According to student councils, security officials stationed at Tehran’s KN Toosi University of Technology and the University of Qom took preventive measures ahead of Bahdori Jahromi’s visits. They had tried to intimidate students and filled the conference room with regime supporters who entered the universities as ‘VIP guests’, according to student groups. However, students stormed the meeting place in both universities and chanted anti-regime slogans.
Najafgholi Habibi, the former chancellor of Allameh Tabataba’i University and a former member of parliament, said the main precondition for dialogue is immunity for individuals who take part in public discussions with regime hardliners and noted that the regime’s tolerance for different viewpoints had reduced in recent years.
But, in an interview with Iran’s ISNA news agency he said any dialogue would not be effective at this time and universities had abandoned the idea of dialogue as impractical under the current circumstances.
Habibi said that the regime should have thought about dialogue with the people when there was still hope of improving the situation. “Now we can only think of discussions when confrontation with the people comes to an end.”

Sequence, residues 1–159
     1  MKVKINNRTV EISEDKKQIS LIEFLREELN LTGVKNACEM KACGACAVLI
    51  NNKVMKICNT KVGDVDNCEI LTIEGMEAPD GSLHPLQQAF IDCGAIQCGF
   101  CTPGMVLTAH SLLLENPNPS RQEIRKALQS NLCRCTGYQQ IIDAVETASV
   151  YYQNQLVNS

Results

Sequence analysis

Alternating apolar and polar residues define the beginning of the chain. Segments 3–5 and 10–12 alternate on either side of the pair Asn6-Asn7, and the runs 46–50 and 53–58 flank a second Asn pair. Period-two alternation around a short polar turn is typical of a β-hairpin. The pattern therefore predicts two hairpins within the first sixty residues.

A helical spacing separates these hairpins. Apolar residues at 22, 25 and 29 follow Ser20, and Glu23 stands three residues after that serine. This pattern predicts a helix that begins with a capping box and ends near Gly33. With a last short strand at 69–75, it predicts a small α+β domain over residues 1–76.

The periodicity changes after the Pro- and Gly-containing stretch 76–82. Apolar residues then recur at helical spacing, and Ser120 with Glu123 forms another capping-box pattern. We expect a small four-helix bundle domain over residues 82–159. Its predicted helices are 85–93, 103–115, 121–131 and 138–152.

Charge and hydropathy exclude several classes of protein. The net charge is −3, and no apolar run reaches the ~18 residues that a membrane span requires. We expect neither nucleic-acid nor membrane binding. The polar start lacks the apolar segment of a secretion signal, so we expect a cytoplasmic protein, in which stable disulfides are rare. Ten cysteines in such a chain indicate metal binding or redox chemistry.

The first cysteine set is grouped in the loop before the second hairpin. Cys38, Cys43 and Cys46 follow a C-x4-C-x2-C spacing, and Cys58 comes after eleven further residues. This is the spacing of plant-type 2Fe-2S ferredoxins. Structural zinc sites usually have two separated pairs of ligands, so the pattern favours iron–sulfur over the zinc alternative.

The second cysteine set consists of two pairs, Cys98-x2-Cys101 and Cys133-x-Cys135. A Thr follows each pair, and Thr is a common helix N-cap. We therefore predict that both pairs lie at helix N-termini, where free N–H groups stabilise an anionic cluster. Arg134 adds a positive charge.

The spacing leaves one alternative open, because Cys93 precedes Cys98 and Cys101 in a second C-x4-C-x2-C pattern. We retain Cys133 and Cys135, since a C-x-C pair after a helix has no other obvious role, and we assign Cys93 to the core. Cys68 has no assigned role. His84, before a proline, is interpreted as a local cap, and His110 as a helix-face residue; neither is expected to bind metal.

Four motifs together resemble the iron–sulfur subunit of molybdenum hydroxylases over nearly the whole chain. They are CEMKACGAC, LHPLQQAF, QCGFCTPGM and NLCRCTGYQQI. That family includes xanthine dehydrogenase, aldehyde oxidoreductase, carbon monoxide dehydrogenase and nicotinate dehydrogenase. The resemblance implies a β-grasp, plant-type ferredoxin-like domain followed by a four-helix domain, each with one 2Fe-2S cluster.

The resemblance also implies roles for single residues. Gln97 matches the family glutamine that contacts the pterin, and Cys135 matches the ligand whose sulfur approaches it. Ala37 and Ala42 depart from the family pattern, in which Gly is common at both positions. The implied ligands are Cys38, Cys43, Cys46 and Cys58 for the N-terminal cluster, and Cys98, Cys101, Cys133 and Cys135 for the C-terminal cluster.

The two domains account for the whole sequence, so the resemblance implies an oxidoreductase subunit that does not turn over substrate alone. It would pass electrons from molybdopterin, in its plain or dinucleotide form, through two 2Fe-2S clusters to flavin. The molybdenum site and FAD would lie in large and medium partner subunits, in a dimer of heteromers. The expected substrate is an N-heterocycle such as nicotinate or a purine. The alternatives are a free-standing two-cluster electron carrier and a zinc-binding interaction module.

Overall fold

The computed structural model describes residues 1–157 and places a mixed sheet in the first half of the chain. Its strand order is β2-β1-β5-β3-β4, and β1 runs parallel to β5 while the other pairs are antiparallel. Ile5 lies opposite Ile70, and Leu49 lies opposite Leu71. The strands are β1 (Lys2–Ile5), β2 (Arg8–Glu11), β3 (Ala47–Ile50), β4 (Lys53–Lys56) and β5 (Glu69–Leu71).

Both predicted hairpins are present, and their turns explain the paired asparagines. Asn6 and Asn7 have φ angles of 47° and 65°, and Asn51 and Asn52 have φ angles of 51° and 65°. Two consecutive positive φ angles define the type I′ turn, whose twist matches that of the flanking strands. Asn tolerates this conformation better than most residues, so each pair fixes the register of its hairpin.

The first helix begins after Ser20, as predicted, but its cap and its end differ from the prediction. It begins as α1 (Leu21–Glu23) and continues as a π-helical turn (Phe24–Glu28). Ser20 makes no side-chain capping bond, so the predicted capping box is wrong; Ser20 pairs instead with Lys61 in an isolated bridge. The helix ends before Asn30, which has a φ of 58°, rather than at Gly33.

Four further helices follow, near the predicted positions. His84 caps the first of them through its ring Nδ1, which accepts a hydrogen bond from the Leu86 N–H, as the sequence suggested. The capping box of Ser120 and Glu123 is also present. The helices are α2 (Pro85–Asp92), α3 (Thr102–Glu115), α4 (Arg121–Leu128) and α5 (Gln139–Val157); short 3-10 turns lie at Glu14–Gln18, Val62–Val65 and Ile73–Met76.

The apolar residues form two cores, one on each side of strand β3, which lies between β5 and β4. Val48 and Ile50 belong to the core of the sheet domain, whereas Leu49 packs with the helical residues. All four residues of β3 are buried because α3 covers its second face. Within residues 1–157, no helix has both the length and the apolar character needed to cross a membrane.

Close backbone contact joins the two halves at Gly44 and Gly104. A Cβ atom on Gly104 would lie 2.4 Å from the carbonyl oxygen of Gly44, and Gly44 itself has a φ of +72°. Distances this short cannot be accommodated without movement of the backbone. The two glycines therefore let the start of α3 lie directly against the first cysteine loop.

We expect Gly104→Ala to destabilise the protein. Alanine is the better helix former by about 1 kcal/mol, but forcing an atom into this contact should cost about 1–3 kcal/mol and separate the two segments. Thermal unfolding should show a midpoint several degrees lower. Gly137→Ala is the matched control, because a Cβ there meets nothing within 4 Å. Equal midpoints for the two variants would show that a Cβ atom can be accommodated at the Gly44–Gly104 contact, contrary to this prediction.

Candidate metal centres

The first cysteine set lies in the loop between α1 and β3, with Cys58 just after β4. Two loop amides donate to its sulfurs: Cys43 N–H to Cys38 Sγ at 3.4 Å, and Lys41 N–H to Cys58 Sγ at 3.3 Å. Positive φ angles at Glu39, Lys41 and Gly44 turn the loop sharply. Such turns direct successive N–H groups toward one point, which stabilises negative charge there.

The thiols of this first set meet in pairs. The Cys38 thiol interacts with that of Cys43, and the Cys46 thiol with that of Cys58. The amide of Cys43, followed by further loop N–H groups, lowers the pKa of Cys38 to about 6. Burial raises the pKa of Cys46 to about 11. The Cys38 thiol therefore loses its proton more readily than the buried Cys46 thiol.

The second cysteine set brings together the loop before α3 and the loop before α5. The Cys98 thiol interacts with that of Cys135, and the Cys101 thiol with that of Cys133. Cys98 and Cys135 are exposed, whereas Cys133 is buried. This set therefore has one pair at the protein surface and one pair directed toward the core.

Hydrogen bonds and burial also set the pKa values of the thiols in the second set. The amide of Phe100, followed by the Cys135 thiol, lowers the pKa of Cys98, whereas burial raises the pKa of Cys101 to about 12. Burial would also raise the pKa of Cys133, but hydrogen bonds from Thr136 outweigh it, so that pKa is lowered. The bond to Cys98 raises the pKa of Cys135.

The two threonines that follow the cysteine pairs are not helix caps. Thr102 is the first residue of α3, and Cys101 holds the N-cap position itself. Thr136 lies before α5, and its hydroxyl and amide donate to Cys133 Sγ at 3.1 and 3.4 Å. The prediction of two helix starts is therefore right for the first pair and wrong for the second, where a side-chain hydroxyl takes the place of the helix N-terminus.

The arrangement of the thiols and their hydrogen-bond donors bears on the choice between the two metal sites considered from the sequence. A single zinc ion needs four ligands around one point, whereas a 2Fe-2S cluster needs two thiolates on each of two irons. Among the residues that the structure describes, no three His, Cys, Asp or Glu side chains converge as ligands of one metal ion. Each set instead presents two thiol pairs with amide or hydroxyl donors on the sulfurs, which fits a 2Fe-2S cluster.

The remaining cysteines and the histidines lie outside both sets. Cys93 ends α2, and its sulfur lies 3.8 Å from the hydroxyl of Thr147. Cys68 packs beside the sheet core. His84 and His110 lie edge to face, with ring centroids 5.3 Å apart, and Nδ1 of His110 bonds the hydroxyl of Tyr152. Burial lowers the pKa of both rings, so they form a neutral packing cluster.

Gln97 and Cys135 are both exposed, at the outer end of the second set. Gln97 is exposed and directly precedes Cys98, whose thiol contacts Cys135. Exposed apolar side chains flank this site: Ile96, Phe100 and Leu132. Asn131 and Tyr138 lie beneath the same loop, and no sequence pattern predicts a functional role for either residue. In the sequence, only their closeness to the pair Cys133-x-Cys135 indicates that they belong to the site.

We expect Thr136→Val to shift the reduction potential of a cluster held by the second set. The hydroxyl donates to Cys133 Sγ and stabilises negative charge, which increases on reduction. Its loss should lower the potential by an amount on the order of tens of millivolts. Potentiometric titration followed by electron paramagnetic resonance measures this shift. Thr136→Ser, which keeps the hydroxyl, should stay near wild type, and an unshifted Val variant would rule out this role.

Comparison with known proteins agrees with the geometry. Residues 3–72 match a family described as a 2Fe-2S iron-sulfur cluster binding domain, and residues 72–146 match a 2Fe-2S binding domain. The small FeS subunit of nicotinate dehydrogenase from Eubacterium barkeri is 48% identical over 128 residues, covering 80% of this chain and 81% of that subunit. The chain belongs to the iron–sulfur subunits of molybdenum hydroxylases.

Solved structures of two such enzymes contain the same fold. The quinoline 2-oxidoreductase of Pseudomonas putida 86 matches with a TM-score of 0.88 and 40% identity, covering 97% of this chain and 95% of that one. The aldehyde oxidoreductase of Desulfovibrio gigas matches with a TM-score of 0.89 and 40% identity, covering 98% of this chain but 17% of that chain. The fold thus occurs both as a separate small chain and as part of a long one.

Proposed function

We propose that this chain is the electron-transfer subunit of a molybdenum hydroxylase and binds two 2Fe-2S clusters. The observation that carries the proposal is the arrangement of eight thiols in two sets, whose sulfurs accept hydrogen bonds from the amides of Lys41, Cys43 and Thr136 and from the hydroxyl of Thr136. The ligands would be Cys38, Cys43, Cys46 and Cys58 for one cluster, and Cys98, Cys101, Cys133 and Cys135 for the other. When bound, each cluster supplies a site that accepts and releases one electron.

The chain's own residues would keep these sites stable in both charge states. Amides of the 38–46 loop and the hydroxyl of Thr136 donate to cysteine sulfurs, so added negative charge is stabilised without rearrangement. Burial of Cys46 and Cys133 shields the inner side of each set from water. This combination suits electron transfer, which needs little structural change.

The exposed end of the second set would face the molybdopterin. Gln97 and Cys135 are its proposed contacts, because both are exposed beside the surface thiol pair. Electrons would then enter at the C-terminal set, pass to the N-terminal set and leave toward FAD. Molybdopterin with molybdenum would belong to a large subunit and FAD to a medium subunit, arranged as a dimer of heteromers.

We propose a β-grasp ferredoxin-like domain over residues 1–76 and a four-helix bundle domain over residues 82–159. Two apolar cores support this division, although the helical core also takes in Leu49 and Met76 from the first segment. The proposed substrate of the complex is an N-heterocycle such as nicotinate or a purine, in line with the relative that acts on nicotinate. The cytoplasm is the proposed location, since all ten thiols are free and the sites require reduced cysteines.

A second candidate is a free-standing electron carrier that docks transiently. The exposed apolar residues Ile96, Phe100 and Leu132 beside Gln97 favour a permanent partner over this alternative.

Lack of trust
The government’s plan to launch ‘Dialogue Houses’ within the universities was “too late”, Habibi said, with some of the harshest slogans against the regime being uttered on university campuses.
Amiry-Moghaddam told University World News the authorities were not interested in dialogue, based on the experience of IHRNGO.
“Many of the people, civil activists, who have been arrested were not part of the protests. They were inside their homes and hadn’t been taking part. They took them into detention and solitary confinement to prevent them from talking.
“When it comes to students, many students are expelled from the university for expressing their views and at a time when there were no big protests.
“The students themselves don’t trust the authorities. As long as the students are inside the university, they are either just singing or chanting, they are not destroying anything. And then they are attacked. And so, they are not interested in any dialogue,” Amiry-Moghaddam said.
Amiry-Moghaddam said that contrary to the regime’s view, the protests are not about a “misunderstanding”.
He said Iranian people and university students are standing up for their fundamental rights and the authorities don’t give them those rights but respond with violence.
He said protester demands were about the “most private aspects of life, like what to wear, what to drink, how to eat”, referring to enforced segregation in university canteens.